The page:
Powder Metallurgy and Metal Ceramics (v.57, #1-2)
Grigorii Samsonov’s Contribution in Creating and Developing of Materials Science of Refractory Compounds by M. S. Kovalchenko; L. M. Kulikov; V. I. Ivashchenko; I. I. Timofeeva (1-8).
Professor Grigorii Samsonov: Genuine Materials Scientist by G. S. Upadhyaya (9-12).
Structure and Properties of Reinforced Ceramic Materials Produced by Directional Solidification by P. I. Loboda (13-26).
The paper describes advances in a promising area for the development of Samsonov’s scientific school at the Igor Sikorsky Kyiv Polytechnic Institute. The main results are provided to refine the mechanisms whereby crystals nucleate and grow from melts of eutectic alloys and acquire their microstructure and phase composition and the mechanisms whereby reinforced composite materials with isotropic and anisotropic microstructure are strengthened for extreme applications involving high-speed heating and cooling, impact interaction, cyclic loading, and corrosive environments. The mechanical properties of reinforced composite materials in a wide temperature range are presented. Areas for application of the reinforced ceramics are identified.
Keywords: ceramics; directional solidification; composites; structure; properties; strengthening mechanisms; reinforced composite materials; eutectic alloys
Kinetics of Nonisothermal Pressure Sintering of Zirconium Diboride Powder with Additives of Boron and Chromium Carbides in Vacuum by V. B. Vinokurov; M. S. Kovalchenko; L. I. Klimenko; N. D. Bega; T. V. Mosina (27-37).
The analysis of the experimental data on the kinetics of nonisothermal pressure sintering of zirconium diboride-based powder mixtures with the addition of boron and chromium carbides in vacuum showed a division of the sintering temperature mode into low-temperature and hightemperature areas. The division is clearly observed when the temperature increases at a rate of 20°C/min. In low-temperature area, the densification occurs slowly and hardly depends on the temperature. In high-temperature area, the viscous flow of the matrix of the porous material is controlled by the power-law creep of the matrix forming the porous body with an activation energy of 394 kJ/mol. Twofold increase in heating rate leads to acceleration of low- and high-temperature strain of the matrix and increase in the apparent activation energy to 581 kJ/mol, indicating the series engagement of additional mechanisms of material flow. The investigation of structure and properties of materials has showed that the formation of new boron–carbide phases and eutectic that disappears during sintering activates the densification of the porous material. It is found out that under low pressure nonisothermal sintering, a superplasticity phenomenon can occur, which results in the densification of the porous body to the virtually non-porous state.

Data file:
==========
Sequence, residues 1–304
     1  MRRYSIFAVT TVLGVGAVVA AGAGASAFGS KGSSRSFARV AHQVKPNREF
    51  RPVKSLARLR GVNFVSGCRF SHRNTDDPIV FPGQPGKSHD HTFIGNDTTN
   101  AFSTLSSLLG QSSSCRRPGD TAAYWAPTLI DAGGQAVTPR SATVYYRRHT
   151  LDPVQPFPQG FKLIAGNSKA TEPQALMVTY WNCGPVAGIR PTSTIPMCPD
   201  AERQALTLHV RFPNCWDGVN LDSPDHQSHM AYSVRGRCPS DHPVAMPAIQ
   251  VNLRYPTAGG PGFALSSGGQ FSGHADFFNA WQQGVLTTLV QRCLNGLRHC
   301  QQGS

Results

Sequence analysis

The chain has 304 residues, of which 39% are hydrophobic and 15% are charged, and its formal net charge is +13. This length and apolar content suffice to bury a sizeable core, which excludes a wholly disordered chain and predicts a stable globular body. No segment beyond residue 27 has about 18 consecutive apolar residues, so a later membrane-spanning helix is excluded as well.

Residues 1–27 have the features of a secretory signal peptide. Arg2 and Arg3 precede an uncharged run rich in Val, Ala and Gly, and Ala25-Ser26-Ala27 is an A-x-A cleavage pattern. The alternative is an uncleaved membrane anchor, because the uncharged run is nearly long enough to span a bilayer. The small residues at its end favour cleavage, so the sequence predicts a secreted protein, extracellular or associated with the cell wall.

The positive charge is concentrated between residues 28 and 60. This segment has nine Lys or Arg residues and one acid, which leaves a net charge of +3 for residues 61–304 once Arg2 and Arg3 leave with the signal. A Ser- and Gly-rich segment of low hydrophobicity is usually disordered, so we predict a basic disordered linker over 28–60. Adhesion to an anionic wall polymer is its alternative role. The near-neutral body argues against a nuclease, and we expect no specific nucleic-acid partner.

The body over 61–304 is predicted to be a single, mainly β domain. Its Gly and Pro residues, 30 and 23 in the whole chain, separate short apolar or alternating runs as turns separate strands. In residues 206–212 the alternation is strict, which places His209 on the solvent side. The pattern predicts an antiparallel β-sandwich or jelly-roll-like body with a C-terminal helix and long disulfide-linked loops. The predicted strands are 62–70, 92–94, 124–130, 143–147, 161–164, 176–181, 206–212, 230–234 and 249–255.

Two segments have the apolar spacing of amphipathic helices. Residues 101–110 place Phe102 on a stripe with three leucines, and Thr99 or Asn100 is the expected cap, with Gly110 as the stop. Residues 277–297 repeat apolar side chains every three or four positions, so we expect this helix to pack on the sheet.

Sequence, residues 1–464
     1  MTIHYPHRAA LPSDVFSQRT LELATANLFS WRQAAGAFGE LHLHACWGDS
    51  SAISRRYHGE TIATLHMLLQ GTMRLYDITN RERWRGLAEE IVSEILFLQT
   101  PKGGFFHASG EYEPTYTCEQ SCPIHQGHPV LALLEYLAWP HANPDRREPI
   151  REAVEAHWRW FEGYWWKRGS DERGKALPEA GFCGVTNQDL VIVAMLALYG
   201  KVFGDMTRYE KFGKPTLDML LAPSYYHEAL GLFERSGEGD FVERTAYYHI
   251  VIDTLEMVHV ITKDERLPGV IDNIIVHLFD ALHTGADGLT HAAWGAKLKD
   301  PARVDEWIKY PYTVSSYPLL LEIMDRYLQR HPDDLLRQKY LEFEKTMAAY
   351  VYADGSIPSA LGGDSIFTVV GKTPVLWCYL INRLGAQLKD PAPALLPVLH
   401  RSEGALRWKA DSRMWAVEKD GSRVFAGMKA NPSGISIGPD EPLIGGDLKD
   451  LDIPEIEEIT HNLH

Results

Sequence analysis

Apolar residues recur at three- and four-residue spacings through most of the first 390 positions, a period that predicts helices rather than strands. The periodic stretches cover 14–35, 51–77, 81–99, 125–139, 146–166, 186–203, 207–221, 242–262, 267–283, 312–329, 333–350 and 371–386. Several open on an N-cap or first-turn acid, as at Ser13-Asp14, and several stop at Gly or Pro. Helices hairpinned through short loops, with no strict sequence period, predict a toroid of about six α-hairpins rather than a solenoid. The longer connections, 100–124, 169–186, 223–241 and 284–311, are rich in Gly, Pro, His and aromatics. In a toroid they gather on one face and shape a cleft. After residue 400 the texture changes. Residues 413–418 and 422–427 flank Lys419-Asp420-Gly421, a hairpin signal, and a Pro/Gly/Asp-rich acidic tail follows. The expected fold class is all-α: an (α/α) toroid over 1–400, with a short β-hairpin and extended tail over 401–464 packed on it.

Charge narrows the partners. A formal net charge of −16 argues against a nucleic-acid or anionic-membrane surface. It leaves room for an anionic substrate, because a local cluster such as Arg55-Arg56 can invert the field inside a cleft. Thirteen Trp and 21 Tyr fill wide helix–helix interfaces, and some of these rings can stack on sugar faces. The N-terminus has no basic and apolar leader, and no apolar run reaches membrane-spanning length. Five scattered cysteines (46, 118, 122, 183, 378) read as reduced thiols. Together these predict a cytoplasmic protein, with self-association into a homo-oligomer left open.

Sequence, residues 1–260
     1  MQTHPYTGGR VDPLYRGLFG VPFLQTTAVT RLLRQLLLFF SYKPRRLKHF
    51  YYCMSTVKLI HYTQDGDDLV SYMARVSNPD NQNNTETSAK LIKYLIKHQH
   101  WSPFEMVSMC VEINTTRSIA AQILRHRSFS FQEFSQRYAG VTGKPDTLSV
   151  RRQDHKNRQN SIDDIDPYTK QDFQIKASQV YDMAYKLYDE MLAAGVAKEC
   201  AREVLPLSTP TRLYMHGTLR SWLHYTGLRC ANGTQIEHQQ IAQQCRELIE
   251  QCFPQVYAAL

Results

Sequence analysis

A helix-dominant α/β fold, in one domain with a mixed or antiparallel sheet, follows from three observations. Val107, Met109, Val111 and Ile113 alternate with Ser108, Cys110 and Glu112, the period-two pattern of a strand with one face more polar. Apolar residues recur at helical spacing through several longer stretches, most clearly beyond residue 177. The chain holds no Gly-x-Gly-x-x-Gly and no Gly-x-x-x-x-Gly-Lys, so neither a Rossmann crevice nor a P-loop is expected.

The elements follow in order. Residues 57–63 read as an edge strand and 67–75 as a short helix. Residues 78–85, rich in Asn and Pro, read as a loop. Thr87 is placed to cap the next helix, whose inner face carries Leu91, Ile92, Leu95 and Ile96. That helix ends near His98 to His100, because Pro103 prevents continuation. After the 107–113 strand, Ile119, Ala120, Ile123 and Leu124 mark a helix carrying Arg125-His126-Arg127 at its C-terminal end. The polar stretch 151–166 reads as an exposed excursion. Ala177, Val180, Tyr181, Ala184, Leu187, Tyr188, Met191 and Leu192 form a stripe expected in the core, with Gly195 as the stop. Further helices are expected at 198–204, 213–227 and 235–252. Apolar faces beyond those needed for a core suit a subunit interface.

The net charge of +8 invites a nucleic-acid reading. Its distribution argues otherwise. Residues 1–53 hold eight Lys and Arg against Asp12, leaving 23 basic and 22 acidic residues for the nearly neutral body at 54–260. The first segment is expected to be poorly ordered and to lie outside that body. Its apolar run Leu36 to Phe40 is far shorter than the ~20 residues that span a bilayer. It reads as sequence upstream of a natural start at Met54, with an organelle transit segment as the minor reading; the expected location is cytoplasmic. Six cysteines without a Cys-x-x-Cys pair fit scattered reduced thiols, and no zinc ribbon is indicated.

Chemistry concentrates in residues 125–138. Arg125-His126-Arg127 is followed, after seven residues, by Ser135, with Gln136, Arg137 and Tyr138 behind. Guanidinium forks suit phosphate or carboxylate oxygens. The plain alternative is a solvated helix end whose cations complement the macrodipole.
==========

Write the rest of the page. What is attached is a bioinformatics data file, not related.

Keywords: zirconium diboride; boron and chromium carbides; pressure sintering in vacuum; densification kinetics; structure; properties
Densification Dynamics of Fine-Grained WC+25 wt.% Co Cermet During Low-Temperature Impact Sintering in Vacuum by M. S. Kovalchenko; O. I. Tolochyn; R. V. Litvin (38-48).
The densification of fine-grained tungsten carbide-based cermet with 25 wt.% cobalt binder during impact sintering at 1150, 1200, 1250, and 1300°C with the initial impact velocity of 5.8 and 6.2 m/s, with the initial solid-phase state of the binder, is investigated. Based on the obtained experimental data and the calculated elastic properties of the samples and the impact machine, the simulation of densification dynamics using third-order dynamic system is carried out by hit-and-miss method and the value of the shear viscosity of cermet matrix determining the energy dissipation in the system and the irreversibility of the material densification are obtained. In addition, the data on the phase trajectory of the dynamic system motion, the duration of impact loading, the time variations of the force, compression, velocity, and acceleration of the system, densification work, and the mechanical-thermal effect resulting from the energy dissipation and causing a significant increase in the temperature of the porous cermet samples are obtained. At the starting temperature of the samples close to that of eutectic formation and low starting porosity of the samples, this temperature increase can cause the liquid phase squeezing from the sample volume into the porous graphite shell that protects the samples against adhesion to the metal die. The estimated activation energy of the viscous flow of the matrix forming the porous cermet is 1.1 eV or 103 kJ/mol.